ars longa, vita brevis

[ ahrs lohng-gah wee-tah bre-wis; English ahrz lawng-guh vahy-tuh bree-vis, brev-is, vee-tuh, ahrs ]
/ ɑrs ˈloʊŋ gɑ ˈwi tɑ ˈbrɛ wɪs; English ɑrz ˈlɔŋ gə ˈvaɪ tə ˈbri vɪs, ˈbrɛv ɪs, ˈvi tə, ɑrs /
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Latin.

art is long, life is short.

Nearby words

  1. arru islands,
  2. ars,
  3. ars antiqua,
  4. ars est celare artem,
  5. ars gratia artis,
  6. ars nova,
  7. ars poetica,
  8. arsaces,
  9. arsaces i,
  10. arse

breve

[ breev, brev ]
/ briv, brɛv /

noun

a mark (˘) over a vowel to show that it is short, or to indicate a specific pronunciation, as ŭ in (kŭt) cut.
Law.
  1. an initial writ.
  2. a writ, as one issued by a court of law.
Music.
  1. the longest modern note, equivalent to two semibreves or whole notes.
  2. Also brevis. a note in medieval mensural notation equal to one-half or one-third of a longa.
Prosody. a mark (˘) over a syllable to show that it is not stressed.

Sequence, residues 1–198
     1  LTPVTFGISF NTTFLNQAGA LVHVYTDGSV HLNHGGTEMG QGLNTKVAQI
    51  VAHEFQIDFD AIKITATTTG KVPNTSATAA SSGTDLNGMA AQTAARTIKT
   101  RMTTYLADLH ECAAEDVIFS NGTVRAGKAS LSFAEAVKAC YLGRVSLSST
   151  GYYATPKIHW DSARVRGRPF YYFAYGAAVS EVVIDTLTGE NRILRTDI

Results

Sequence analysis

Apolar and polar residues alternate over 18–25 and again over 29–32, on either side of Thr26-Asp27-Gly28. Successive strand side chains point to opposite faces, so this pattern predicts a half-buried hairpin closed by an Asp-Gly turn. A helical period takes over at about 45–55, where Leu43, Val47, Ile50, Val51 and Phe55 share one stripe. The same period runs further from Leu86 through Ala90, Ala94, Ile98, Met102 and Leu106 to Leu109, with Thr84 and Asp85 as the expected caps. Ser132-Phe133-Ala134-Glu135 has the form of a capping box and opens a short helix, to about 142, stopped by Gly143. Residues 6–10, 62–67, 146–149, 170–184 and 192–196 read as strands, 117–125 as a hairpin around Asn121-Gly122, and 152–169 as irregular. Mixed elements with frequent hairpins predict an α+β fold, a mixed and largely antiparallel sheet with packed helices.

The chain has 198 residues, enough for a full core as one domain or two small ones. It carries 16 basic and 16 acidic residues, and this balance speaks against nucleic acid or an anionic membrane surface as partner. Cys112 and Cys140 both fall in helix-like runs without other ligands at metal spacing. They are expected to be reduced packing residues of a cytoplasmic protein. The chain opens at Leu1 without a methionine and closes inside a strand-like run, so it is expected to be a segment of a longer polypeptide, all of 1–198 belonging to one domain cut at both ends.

Origin of breve

1250–1300; Middle English < Medieval Latin, Latin breve, neuter of brevis short; see brief

Dictionary.com Unabridged Based on the Random House Unabridged Dictionary, © Random House, Inc. 2019

Examples from the Web for brevis


British Dictionary definitions for brevis

breve

/ (briːv) /

noun

an accent, (˘), placed over a vowel to indicate that it is of short duration or is pronounced in a specified way
music a note, now rarely used, equivalent in time value to two semibreves
RC Church a less common word for brief (def. 7)

Word Origin for breve

C13: from Medieval Latin breve, from Latin brevis short; see brief

Collins English Dictionary - Complete & Unabridged 2012 Digital Edition © William Collins Sons & Co. Ltd. 1979, 1986 © HarperCollins Publishers 1998, 2000, 2003, 2005, 2006, 2007, 2009, 2012

Word Origin and History for brevis

breve

n.

mid-15c., musical notation indicating two whole notes, from Latin breve (adj.) "short" in space or time (see brief (adj.)). The grammatical curved line placed over a vowel to indicate "shortness" (1540s) is from the same source.

Online Etymology Dictionary, © 2010 Douglas Harper